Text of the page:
A magazine for Africans and friends of Africa...Our Voices, Our Vision, Our Culture

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Mother's Nature
By Lara Sho
Back home from the hospital, after having my second daughter, I struggled to cope with two kids and the daily grind of running the home. My long-suffering husband did his best to help, but I found myself fantasizing about home, back in Nigeria.

You see, back home, I would have had a bevy of experienced women attending to me, consisting of my mother-in-law, sisters and aunties in law and my own mother and aunties. They would boot my husband out of the room and take over. They would be the ones to bathe the baby and perform age-old traditional rites while I am not watching. They will hold her upside down to help her overcome primal fear; they would stretch her limbs to make her flexible, generally massage and poke the poor little creature until she becomes finely tuned.

They would take care of her ear piercing and tend her umbilical cord. They would wash her with black soap and massage her with cam wood and shea butter. According to tradition, not only would this make her smell clean and fresh for life, but also, her skin will never lose its suppleness. Apparently, the African womans secret of eternal youth starts from babyhood!

The baby of course would not find these ministrations at all funny and neither would I, so I would be hustled to another room for my own post natal treatments.

Two sturdy women would tie a wrapper snugly round my still distended belly and pull hard. They would casually warn me that it might be a bit painful, but that it is the only way to quickly regain my figure. This is the same thing they said about labor!

Help!

I would be made to sit on very hot water to hasten the healing of tears or cuts you-know-where. Someone would prepare hot pepper soup with special spices designed among other things to flush out impurities from the system, promote the flow of breast milk, ease bowel movements and give the new mother an energetic jump-start on her new life.

More energy would be given by feeding her with pounded yam, food so nutritionally dense that you are guaranteed to pass out after eating it!

The baby would be brought to me smelling sweet and strangely calm after all the drama she endured. I would nurse her and finally be able to sleep while someone else whisks her off to be diapered! This queenly treatment would continue for about a month, and then everybody returns to his or her own home. By then, I would have adjusted pretty well and would be up and about. My mother or mother in law would stay for a little longer, maybe up to six months, helping with baby and siblings, teaching me how to do things and how to cope. Eventually when she had to leave, she might find me a young person to assist with household chores, so I would never be without help.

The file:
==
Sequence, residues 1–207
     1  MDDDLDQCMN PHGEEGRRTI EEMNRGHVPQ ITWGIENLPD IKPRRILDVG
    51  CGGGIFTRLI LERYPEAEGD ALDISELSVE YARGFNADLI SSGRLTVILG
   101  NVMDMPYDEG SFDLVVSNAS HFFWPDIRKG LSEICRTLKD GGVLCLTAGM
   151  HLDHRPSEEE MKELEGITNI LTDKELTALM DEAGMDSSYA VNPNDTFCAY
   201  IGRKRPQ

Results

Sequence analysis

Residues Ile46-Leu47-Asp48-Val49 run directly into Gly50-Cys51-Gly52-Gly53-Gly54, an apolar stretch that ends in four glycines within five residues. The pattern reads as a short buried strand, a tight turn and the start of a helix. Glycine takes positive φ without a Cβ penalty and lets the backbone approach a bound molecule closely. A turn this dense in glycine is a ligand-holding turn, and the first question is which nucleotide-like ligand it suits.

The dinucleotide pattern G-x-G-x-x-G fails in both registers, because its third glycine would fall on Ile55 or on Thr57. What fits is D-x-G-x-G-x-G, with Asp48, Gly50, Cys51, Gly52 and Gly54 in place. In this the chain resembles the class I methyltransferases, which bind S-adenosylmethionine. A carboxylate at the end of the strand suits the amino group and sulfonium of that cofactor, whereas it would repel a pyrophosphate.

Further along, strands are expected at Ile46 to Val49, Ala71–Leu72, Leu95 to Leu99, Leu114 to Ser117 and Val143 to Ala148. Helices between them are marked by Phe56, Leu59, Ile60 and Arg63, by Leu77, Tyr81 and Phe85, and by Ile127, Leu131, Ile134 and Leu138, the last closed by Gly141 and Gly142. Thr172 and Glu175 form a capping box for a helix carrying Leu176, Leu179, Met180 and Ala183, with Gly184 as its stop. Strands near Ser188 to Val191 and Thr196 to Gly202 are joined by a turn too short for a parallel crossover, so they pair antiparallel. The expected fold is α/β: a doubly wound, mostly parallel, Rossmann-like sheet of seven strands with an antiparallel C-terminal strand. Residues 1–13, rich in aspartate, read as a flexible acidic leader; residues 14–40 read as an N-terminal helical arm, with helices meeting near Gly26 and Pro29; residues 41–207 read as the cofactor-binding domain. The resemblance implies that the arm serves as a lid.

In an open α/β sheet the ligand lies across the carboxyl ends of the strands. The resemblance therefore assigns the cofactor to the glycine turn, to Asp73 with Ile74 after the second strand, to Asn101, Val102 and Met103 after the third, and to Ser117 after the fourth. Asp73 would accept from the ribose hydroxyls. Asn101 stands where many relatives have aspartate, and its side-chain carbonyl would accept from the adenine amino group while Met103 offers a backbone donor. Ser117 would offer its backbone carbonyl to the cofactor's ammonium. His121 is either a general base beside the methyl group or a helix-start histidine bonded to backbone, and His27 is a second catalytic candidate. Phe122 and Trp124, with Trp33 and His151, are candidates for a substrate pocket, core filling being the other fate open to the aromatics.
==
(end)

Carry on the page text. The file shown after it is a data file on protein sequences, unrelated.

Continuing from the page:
Back to earth as I muse and fantasize about all these and I am filled with deeper respect for all my sisters throughout the Diaspora who survive and thrive without the customary traditional support when they give birth. So many people called in their encouragement, but few came to visit!

Back home, even if you were away from your family, neighbors would still rally round and give assistance, solicited or not. I had a charming old Guinean grandmother visit from the sixth floor. She offered me the stomach clamping treatment, which I politely declined. I was however struck by the significance of the visit. She came because she was African and she understood.

In all this I thank God for a wonderful husband who does the night walks up and down to calm the baby so I can sleep, a country where everything works, clean running water, constant electricity, and wonderful healthcare. These are things I can never be blas about. In the meantime, little Mercy and I are taking it one day at a time!
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